Cannabis Research and Zebrafish: An Unlikely Dynamic Duo

by | Oct 6, 2020

Israeli researchers are forging ahead with unusual scientific studies to pin down the strain-specific therapeutic benefits of cannabis.

While marijuana research has seen a surge in recent years thanks to loosened legalities, there is still plenty to discover about the plant. There are approximately 730 strains of cannabis, and each strain carries a unique composition of naturally occurring compounds, much like a human’s fingerprint. Furthermore, cannabis research funding has increased by almost 80% in the past 20 years, but it still seems to be a painstakingly slow and expensive process.

This is why the cannabis research community is excited by the Zebrafish- its testing model could be the catalyst needed to speed up the process.

Thanks to progressive cannabis research, most are aware that the different cannabis strains offer unique genetic profiles that can have remarkably varied effects. Studying the application of these different strains, active ingredients, and medicinal potential is usually done using rodents as test subjects. The rodent testing system works, but has its own set of drawbacks, being both time-consuming and resource-draining.

In a proactive response to these shortfalls, Israeli researchers have turned to an unexpected test model, the Zebrafish, to solidify which cannabis strains, terpenes, cannabinoids, and other compounds are best for particular health conditions.

Preliminary research suggests that different types of cannabis strains can have varying effects on health conditions. However, the precise strain testing is challenging and takes time. This is where the Zebrafish comes in. Two companies have recently teamed up and have already begun using the Zebrafish to speed up this testing, and the results look promising.

But, Why the Zebrafish, and How?

The Zebrafish belongs to the minnow family and is a freshwater fish native to South Asia. Most home aquariums include a Zebrafish or two, and many aquarium enthusiasts have probably gazed in appreciation of the fish’s unassuming beauty at some point in time. But the Zebrafish has recently caught the attention of researchers as well. Why?

Because the Zebrafish lacks a skull, researchers can easily monitor the fish’s brain activity. This, combined with the surprising fact that a Zebrafish’s brain activity is eerily similar to that of a human’s (albeit less complex), makes the humble Zebrafish a near-perfect test subject. Biotech companies have jumped at this opportunity to speed up cannabis data identification and collection.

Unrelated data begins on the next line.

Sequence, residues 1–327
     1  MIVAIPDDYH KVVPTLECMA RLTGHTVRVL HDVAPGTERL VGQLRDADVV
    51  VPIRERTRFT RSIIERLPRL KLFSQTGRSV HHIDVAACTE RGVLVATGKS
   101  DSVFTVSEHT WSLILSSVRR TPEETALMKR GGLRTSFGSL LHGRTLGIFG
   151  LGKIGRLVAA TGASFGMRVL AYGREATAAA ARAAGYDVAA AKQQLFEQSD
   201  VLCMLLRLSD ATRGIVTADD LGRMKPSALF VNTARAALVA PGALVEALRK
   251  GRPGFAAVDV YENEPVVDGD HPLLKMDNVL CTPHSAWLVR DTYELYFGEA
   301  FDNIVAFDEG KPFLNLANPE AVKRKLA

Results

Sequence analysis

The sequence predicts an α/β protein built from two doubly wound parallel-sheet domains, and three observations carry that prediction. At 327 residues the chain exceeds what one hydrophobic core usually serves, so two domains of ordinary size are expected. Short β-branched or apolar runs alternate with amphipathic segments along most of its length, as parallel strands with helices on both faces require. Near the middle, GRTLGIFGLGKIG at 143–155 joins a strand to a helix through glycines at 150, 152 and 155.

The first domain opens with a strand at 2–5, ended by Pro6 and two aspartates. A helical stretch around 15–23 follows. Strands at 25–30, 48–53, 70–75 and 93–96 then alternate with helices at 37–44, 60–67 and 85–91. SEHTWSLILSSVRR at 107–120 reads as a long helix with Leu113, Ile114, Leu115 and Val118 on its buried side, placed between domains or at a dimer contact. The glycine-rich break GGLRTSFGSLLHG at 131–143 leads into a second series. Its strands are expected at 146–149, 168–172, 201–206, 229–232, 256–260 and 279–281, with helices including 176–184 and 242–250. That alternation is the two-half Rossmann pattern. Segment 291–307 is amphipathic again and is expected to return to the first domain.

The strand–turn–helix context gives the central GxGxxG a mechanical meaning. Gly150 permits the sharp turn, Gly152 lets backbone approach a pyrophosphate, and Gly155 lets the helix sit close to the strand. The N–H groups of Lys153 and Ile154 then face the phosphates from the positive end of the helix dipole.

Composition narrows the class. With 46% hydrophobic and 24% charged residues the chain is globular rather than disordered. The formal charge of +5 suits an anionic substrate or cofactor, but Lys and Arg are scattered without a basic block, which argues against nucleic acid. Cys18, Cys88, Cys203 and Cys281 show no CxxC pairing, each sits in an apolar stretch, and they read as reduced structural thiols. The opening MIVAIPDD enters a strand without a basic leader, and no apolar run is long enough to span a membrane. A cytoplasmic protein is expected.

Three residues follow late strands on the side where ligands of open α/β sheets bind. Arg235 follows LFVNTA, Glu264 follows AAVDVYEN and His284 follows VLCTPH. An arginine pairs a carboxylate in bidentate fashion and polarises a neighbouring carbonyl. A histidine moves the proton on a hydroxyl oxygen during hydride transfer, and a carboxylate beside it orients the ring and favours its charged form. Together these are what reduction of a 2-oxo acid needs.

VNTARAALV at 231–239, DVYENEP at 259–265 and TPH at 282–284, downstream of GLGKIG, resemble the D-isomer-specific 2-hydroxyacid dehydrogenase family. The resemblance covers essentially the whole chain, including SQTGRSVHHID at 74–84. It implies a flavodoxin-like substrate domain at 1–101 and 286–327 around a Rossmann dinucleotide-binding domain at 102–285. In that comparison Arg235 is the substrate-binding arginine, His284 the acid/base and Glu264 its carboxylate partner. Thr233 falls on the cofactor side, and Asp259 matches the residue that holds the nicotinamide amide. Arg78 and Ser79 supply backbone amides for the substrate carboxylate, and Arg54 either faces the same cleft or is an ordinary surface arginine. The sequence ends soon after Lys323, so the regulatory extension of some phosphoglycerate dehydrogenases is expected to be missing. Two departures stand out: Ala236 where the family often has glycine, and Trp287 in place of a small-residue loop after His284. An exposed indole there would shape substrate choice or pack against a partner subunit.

How Are Zebrafish being Used for Cannabis Research?

Camanex ( the applied science arm for cannabis of MIGAL Galilee Research Institute) and Canonic (a subsidiary of Evogene, a biotech company) have teamed up to create a new testing model system based on the Zebrafish. This Zebrafish testing system will help research teams and cannabis companies perform accurate testing on the different cannabis strains and their medical application potential. The results will enable researchers to take a laser-like focus on the various naturally occurring compounds and active ingredients and ultimately identify which active compound is responsible for specific medicinal benefits.

Once there is clear and uncontested data regarding cannabinoids, terpenes, and how the active ingredients interact with the endocannabinoid system, the medicinal application of marijuana can have a sturdy framework for a healthy industry.

How Does it Work?

First, analysts will be able to rapidly identify and categorize the different cannabis strains according to their therapeutic benefits. These are likely to overlap, but this initial identification also allows for further categorization. Once the strains are identified for specific medical benefits, further study is placed on the individual active ingredients and their particular therapeutic effects. Armed with this precision, companies will have a more precise focus point for their medicinal cannabis-based products. Those looking to medicate with cannabis will be able to use this knowledge to make informed decisions about treating their medical condition with cannabis.

The Zebrafish may be a mere minnow, but it is being hailed throughout the research and science community as a promising scientific and biotechnological advancement tool. Although the Zebrafish holds promise for the cannabis community, there are other areas of interest where the Zebrafish could shed some light as well. Barr-llan University has used the Zebrafish to study sleep and chromosome activity. The University of Mississippi has also had success with Zebrafish studies, using the fish to identify mistletoe and its inherent compounds as a potential treatment for epilepsy. Other areas of study include Alzheimer’s, the endocannabinoid system, and opioid systems, especially in addiction and substance abuse.

As outlandish as it sounds, the zebrafish system for rapid identification has proven its worth already. The system has already been successfully used to identify the relevant cannabis strains for the following disorders; pain, seizures, sleeping issues, and even Parkinson’s disease. The current conditions being tested for include anxiety and autism, with more to follow. 

This research approach may be unusual, but it does accelerate the identification of strain-specific cannabis applications and, as such, could be a catalyst for the cannabis industry.